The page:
Thursday, April 7, 2011

Young Deer Are Fawns.

Long time, no blog. But as this thing is supposed to behave to some degree as a crass platform of self-promotion, we will be concentrating our energies there today.

On March 1st, I received word that I had won the first annual Eudaimonia Poetry Review Chapbook Prize! And I was thrilled. And completely grateful that my second book of poems was going to be published.

I worked on my chapbook, O Dear Deer, , for more than a year. It began in November 2009 as a response to being impaneled on a jury in downtown L.A., on a gang-related murder and attempted murder trial. It is not a retelling of the facts of the trial or even really about my experience as a juror, although the book reflects some of my ambivalence about that job, certainly. It is more like a preoccupation, an obsession even, with the larger questions that were at stake for me during that process, and the questions I imagined might be at stake for the defendant, the victims, the families, the witnesses, the lawyers, the judge, the other jurors. Or not. I don't know. But, for me, the haunting question was about who these people would be if they had never encountered each other on that particular day in the summer of 2007. If they had all walked down different paths to become different people. And the idea that maybe those doppelgangers exist somewhere, out there, just beyond where we can see, leading a life of our own other making. Maybe we live all the lives we make possible to ourselves, even if we live them (only) in our mind's eye, or in our dreams, or in our regrets. Or if our families live them for us. Maybe those other selves keep on walking.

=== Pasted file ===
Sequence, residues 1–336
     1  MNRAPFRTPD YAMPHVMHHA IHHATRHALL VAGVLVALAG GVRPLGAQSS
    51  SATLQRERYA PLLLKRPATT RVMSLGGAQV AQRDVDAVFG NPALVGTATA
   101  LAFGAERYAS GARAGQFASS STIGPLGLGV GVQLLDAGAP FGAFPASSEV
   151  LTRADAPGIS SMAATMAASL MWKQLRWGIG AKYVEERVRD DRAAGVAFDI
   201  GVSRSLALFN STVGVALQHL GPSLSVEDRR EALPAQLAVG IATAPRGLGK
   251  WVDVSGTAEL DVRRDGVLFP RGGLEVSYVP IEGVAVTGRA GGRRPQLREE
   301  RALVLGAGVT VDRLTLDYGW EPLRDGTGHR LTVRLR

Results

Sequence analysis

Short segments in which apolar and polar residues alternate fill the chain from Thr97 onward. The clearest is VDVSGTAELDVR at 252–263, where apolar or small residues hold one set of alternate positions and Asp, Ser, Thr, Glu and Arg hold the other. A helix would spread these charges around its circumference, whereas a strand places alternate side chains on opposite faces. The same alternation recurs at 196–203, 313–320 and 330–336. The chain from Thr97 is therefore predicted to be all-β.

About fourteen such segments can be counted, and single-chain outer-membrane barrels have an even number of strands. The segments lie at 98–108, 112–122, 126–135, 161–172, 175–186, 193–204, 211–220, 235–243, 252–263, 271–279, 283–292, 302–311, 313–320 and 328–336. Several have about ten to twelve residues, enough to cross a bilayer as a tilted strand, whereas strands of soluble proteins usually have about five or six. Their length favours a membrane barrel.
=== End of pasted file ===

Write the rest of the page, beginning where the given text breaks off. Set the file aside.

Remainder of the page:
I was likewise grateful for the words of poet Evan J. Peterson, who served as judge for the chapbook contest and wrote the foreword for the book. Here are some excerpts drawn from the press release:

While many of the final selections were strong, the winning chapbook is a "stunningly rendered place of violent simplicity. It bewilders me while asking me to be wilder." The author, he said, has created "a hypnotic landscape of image rhyme that is better than surreal -- surrealism tries too hard. This is the dream space, the real dream space, and it feels effortlessly accurate. This collection shaves slivers from my bones."

That makes me happy. Very, very happy. The press (Squall Publishing) will be releasing the chapbook (which is a short and tightly-thematic collection of poems) on July 1st. It is available for pre-order on Amazon here.

In the meantime, here is an excerpt from the book, a poem that originally appeared in Eudaimonia Poetry Review's issue devoted to the finalists:

Closing Arguments

What can we say,
O our dear Deer,

but that the bare bodies of trees
spring from your head.

Their winter shape is all
the testimony of the world--

fork after fork dividing in dark
threads, every possible annex

to open sky. From some branch
farther on, we must look lucky here--

so much slant left, so many
yeses and nos--we tangle

ourselves in want, even the heart
crosshatched with artery.


  1. This is wonderful! Congrats all over again. Can't wait 'til it arrives. -atomic mama

  2. Oh Linda, this makes me happy. Congratulations.

  3. Glad to see good work rewarded. Congratulation. Can't wait to get a copy of your chapbook.

  4. What a pleasure to see this -- the post, the poem. "We must look lucky here."

  5. Thanks, everyone! Am very excited about this one.